Elder Care in Los Angeles Looks Forward to Alzheimer’s Progress

December 17, 2013
Elder Care Los Angeles Alzheimers Research

Will Elder Care in Los Angeles Ever See a Cure for Alzheimer’s Disease?

Those of us who watch medical research carefully see news about Alzheimer’s disease research on a weekly basis. There are many promising signs, but the sad fact is that very little overall progress seems to have been made toward finding a cure. Despite the huge profits that a company would earn with a cure or even a treatment of symptoms, elder care in Los Angeles is still watching the horizon for such a drug.

Why the Slow Pace?

As complex as the entire human body is, the brain is far more complex. Scientists are still working to understand how the brain operates, to say nothing of identifying problems and fixing them. Learning about the brain is a tedious chore, and isolating the causes and effects of Alzheimer’s disease has proven to be a seemingly endless road of trial and error. Experts seem to be coming to a consensus that amyloid beta proteins are at the center of Alzheimer’s effects, but it is still unclear where that research will end up.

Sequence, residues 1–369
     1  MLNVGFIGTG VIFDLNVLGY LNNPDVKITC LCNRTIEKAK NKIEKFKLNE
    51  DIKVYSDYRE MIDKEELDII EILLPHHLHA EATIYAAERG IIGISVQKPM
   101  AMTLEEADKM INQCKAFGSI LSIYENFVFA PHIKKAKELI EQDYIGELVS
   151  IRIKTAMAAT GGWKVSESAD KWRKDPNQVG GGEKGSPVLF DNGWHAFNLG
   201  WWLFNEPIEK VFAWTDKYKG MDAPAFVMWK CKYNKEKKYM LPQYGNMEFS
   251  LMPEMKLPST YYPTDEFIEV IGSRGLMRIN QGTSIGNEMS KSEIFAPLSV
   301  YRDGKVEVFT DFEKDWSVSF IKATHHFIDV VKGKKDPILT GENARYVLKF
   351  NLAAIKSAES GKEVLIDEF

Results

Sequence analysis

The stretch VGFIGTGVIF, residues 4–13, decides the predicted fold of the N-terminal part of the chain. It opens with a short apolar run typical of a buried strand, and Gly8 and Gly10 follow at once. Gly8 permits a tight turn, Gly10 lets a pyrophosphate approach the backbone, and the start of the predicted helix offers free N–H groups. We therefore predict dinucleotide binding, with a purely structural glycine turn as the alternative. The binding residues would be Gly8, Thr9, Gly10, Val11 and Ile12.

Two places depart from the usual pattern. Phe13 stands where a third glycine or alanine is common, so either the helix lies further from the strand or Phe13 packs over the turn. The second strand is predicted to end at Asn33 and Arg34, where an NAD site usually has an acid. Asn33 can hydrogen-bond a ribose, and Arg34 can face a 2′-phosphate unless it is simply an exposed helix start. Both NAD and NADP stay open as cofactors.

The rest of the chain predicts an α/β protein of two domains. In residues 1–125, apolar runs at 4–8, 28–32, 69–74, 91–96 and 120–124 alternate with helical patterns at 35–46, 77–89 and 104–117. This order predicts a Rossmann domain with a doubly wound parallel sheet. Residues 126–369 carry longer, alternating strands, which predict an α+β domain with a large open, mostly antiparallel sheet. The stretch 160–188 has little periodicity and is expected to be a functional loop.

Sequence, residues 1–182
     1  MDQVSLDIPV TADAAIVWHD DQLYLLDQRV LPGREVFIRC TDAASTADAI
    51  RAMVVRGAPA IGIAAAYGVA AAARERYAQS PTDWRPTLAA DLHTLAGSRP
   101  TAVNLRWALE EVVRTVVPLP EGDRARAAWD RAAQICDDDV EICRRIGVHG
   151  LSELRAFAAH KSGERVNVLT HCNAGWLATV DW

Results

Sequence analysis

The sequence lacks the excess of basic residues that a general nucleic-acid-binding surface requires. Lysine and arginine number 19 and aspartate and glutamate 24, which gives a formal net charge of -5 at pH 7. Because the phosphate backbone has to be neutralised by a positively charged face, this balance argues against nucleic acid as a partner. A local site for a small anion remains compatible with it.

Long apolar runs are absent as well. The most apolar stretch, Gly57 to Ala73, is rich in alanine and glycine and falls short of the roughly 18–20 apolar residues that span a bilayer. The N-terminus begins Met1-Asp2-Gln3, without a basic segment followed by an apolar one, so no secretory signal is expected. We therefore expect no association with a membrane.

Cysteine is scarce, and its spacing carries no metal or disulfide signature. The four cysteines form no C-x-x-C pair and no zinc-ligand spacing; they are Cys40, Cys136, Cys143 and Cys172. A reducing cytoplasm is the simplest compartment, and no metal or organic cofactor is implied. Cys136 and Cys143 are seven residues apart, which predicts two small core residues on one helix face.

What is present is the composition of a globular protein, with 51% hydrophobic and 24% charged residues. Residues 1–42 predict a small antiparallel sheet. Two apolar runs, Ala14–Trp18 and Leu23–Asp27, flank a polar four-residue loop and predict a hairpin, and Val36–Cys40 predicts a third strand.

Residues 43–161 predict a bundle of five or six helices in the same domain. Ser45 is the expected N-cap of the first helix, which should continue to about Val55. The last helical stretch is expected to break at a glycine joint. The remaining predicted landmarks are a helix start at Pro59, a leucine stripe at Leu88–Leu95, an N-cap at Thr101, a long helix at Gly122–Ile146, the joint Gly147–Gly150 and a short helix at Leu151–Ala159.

A Call to Action

The Prime Minister of the U.K. recently addressed some of the world’s most powerful leaders, calling for a global effort to fight dementia. He compared dementia to the AIDS epidemic, which has received large amounts of attention, effort, and money from countries around the world. Hopefully, this call for action will result in greater collaboration, better funding, and more effective medications within the next few years.

Eldercare in Los Angeles and Alzheimer’s Disease

Our response to Alzheimer’s disease in the present is mainly centered on making patients comfortable and content. Without a way to reverse dementia, the emphasis is helping those who suffer from it feel as “normal” as possible, instead of trying to force them to fit into a world that their mind does not understand. Compassionate eldercare in Los Angeles can help families sympathize with and care for their senior loved ones who have Alzheimer’s disease or other forms of cognitive decline.

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